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Five Days Afoot

Five Nights Hiding In a Sleeping Bag, Waiting for the Bear

by Rodger Ling

The Pre-Hiking Festivities

The question is always the same. "You're going alone?" people ask. "Isn't that dangerous?" Everybody's heard a story about a murder or violent crime on the Appalachian Trail, and they react like I've just announced I'm going for a midnight stroll in Gotham City. "No," I tell them, "it's not dangerous."

During the three hour drive into North Carolina, I awake occasionally from highway hypnosis to realize that, for me, it is a one-way trip. The inevitable moment when I will give Annie a kiss, turn, and walk into the woods is now only minutes away. I imagine myself losing my voice from lack of use, eating the bark off trees, running wild with wolves. The weather, I suddenly realize, tends to be cold in the mountains. It would very likely be dark at night. Worst of all, I'm going to have to eat my own cooking.

Day One: Looking for Thoreau

The fog pools in the valley below, then lifts slowly in great colorless bands as I eat my breakfast. I am a hundred yards off the trail on a ridgetop, barely a mile from the Rock Gap trailhead, having survived my first night on the trail. I ponder the miles yet to come. Mostly, I hope vaguely that a few days in the woods will allow the mental debris to settle. Like Thoreau, I imagine myself living a simple life, thinking profound thoughts. But inevitably, I have brought some of the clutter along with me: the 2-meter radio, the Walkman and tapes, the extra clothing and batteries, just in case.

My backpack creaking and groaning, I march through the mountains, absorbing images of the sunshine and mushrooms and bright Fall colors that appear in front of me. By sunset, I have made camp near the summit of Wine Spring Bald, having covered a total of ten miles for the day. That night, reading in the tent, I am startled by an eerie wail from the forest, and pull my covers--or rather, my sleeping bag--over my head. Only later do I realize that I have been reduced to a state of terror by a common screech owl.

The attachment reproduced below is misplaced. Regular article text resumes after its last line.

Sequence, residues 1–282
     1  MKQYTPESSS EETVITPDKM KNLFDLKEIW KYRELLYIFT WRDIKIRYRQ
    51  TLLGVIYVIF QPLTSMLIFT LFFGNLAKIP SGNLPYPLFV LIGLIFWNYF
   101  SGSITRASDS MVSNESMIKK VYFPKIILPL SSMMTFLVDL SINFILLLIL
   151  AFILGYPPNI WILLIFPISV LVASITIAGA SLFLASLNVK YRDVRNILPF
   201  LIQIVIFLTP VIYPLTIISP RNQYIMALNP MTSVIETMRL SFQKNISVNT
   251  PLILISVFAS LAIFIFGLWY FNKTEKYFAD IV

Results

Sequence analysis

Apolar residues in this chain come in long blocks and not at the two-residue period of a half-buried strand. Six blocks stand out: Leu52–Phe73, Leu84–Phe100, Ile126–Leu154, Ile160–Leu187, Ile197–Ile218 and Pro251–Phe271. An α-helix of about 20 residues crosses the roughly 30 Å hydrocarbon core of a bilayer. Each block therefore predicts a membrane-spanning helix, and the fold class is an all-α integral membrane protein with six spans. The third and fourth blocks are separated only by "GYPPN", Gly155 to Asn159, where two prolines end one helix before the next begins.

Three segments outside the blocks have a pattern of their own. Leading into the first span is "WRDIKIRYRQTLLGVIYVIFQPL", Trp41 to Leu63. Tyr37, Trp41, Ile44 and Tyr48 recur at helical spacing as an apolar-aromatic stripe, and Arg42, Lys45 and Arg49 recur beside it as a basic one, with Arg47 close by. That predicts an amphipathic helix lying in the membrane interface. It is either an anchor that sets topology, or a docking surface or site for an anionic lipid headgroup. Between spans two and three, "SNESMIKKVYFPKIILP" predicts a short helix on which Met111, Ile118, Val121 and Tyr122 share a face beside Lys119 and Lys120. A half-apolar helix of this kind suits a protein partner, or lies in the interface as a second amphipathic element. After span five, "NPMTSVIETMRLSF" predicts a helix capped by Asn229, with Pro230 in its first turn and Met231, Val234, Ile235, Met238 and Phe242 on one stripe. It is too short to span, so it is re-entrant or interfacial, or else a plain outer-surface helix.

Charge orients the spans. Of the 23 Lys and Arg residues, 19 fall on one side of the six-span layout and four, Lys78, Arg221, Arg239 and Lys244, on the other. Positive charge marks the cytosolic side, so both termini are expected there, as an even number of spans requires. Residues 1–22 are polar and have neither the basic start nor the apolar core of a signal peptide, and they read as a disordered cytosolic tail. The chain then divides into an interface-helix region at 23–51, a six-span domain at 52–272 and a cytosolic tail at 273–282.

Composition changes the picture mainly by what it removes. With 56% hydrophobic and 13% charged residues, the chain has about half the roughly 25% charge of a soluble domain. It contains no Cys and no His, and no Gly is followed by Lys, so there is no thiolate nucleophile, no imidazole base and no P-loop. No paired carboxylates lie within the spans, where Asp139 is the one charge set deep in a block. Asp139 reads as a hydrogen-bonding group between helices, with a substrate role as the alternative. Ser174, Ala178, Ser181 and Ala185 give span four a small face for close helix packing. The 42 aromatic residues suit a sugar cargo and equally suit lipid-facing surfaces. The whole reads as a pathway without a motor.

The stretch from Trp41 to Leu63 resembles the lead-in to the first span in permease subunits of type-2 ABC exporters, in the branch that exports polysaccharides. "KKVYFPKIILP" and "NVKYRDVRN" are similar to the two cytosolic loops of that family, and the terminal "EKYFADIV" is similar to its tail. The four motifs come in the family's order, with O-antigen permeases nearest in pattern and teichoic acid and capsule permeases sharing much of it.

Day Two: The Howl of the Hound

Two miles of bright yellow beech trees laced with green ferns and lichens leads me to the stone tower on Wayah Bald, where I meet four hikers heading south. Their leader speaks in a curious foreign accent. "Do you need medication for your feet?" he asks. I try to reassure him that the blisters on my toes are not as bad as they look.

After crossing a gravel road at Burningtown Gap, I meet a hound dog coming the other way. He barks and retreats as I advance; neither of us will yield. Eventually, the beast melts back into the woods. A mile further, I halt at the Cold Spring Shelter, a three-sided log structure similar to those found at 10-12 mile intervals all along the trail. I sit reading by candlelight, while a nearby spring gurgles quietly to itself. Then, out of nowhere, the devil dog reappears, barking furiously, his eyes glowing fiendishly.

Life in the shelter, I soon decide, is considerably more stressful than putting up the tent. I worry that the dog will carry off my boots. Assuming the dog goes away, I worry a hungry bear will come into the shelter looking for food. I worry that a mouse will chew holes in my pack. I worry that a snake will slither by, hoping to catch the mouse. Until rain starts on the tin roof above me, I lie there with my sleeping bag pulled over my head, listening for all these things.

The dog goes away. No bears or snakes attack. But in the morning, I discover four acorns stored carefully inside one of my boots.

Day Three: Civilization

Shortly before Noon, I'm wandering through the mists of Rocky Bald, a high point of granite lined with patches of deep, soft moss. By now, the blisters on my toes have subsided. The pack rides naturally on my hips and shoulders, until I feel almost naked walking without it. Like a long-distance runner, I have learned to concentrate on the big picture, to ignore minor discomforts (aching feet, blisters, the human body's instinctive need for beer and television) and just keep going.